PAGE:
• Soft-bristles
  • Smaller head on the toothbrush
  • Manual or battery powered
  • No frayed bristles

Note: You may need to replace your toothbrush more than every three months when you have braces as the bristles on your brush will fray faster due to the wires and brackets.

Braces Hack #2: Proper Tooth Brushing Technique When You Have Braces

Brushing your teeth with braces isn’t all that different from brushing without braces. The only real difference is that you’ll want to brush gently to avoid damaging the wires and brackets. It’ll also be a bit more time consuming since you’ll be working the toothbrush around all the brackets and wires.

Here’s the proper way to brush your teeth when you have braces:

  • Step 1: Gently rinse your mouth out with warm water to remove any large food particles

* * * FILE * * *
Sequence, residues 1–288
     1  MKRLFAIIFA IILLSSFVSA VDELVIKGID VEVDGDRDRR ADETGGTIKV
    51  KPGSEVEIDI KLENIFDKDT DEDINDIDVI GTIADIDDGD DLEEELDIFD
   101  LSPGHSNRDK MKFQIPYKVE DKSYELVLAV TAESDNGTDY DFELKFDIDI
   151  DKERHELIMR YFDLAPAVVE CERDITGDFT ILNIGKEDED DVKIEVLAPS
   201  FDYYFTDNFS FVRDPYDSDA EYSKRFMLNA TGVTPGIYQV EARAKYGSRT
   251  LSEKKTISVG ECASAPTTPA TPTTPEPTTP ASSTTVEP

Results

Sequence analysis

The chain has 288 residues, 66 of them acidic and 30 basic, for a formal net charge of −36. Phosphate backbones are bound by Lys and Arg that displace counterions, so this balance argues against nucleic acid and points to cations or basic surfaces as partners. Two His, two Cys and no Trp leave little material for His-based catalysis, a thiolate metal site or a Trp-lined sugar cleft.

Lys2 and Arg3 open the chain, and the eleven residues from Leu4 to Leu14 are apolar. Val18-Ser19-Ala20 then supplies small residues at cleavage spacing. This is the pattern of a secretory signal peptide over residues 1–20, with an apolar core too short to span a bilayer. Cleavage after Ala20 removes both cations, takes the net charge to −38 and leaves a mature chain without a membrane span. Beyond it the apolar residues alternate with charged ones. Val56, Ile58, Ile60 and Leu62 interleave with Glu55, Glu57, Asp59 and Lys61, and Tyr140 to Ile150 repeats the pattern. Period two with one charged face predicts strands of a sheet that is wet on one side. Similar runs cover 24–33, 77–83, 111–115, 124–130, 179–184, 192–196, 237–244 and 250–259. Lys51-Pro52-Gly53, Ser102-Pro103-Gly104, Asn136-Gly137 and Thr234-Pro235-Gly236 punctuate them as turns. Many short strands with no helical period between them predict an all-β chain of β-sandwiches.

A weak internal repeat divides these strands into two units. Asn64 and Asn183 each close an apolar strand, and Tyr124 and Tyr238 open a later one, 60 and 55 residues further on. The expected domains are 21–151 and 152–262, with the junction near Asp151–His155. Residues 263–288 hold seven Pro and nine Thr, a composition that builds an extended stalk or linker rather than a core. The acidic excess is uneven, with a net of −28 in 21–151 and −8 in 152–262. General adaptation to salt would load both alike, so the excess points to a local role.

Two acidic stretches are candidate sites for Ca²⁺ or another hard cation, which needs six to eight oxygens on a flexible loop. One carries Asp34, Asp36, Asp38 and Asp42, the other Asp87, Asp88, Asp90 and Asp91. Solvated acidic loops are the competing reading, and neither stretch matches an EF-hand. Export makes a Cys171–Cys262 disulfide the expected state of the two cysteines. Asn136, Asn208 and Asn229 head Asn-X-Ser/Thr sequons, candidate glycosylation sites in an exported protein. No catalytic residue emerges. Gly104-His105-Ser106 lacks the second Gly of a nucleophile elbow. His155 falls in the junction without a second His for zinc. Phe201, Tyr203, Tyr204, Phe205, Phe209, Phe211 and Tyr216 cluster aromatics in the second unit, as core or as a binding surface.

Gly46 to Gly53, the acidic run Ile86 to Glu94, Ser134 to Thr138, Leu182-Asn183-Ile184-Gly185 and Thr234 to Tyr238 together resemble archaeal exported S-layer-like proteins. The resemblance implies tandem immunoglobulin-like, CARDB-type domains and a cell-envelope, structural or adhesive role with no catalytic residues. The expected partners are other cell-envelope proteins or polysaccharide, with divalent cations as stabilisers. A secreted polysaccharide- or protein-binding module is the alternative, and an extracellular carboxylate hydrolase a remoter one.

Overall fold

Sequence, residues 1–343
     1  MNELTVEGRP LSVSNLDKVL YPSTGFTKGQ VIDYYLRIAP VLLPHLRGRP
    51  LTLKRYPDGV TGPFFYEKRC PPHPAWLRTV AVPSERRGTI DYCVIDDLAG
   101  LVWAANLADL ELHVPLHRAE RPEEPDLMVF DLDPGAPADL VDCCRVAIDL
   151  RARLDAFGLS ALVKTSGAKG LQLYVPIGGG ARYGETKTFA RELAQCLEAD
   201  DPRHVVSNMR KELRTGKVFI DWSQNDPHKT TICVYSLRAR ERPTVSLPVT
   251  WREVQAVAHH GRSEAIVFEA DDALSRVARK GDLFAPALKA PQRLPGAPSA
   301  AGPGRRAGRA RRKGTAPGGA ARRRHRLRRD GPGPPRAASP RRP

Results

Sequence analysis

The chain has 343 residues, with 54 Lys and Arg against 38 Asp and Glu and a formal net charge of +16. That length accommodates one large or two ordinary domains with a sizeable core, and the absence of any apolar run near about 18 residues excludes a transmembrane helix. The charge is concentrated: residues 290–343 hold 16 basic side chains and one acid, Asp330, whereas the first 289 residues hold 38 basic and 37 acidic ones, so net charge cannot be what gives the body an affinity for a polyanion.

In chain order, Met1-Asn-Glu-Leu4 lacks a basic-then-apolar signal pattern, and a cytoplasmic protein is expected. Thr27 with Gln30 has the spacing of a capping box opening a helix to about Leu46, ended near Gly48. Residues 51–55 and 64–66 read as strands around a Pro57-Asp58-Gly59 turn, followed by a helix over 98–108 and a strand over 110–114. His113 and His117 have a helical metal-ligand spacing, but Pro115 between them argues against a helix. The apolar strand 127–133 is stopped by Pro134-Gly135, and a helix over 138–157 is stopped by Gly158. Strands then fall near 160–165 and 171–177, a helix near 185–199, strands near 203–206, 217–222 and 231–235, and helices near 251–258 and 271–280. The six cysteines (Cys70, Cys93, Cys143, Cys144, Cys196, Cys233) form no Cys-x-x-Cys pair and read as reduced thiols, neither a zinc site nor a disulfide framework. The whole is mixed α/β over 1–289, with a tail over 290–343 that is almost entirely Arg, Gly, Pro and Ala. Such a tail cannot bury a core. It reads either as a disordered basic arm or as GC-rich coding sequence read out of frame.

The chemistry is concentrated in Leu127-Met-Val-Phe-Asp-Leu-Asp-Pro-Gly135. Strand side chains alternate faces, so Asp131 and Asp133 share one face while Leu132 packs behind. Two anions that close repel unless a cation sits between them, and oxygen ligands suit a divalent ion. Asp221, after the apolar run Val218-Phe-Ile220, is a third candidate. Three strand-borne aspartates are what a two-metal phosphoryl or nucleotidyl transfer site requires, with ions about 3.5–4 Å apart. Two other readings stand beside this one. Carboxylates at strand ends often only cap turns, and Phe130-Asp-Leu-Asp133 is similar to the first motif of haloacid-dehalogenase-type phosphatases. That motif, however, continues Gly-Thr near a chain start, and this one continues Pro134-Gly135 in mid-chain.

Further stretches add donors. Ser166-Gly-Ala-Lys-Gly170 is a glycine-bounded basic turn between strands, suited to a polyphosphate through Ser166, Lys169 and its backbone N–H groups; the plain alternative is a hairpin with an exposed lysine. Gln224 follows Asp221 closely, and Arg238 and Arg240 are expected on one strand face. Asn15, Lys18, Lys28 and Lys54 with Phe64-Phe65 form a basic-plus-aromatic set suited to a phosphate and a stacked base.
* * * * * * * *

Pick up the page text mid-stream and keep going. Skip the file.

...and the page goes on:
• Step 2: Make sure you’re holding your toothbrush at a 45-degree angle
  • Step 3: Use small, gentle forward and backward motions when brushing
  • Step 4: Brush all of the surfaces of your teeth, including chewing surfaces and inner and outer surfaces.
  • Step 5: Move your toothbrush around so you’re brushing between the wires
  • Step 6: Brush your tongue and roof of your mouth

Note: To keep your teeth and braces really clean, you’ll want to brush after every meal and right before bed.

Braces Hack #3: How to Floss with Braces

Another important part of your new oral care routine with braces involves flossing. You can’t just run the floss between your teeth anymore. Instead, you’ll have to work it around the wires, brackets, and in between your teeth. Luckily, there is a small dental tool that helps a lot known as a floss threader.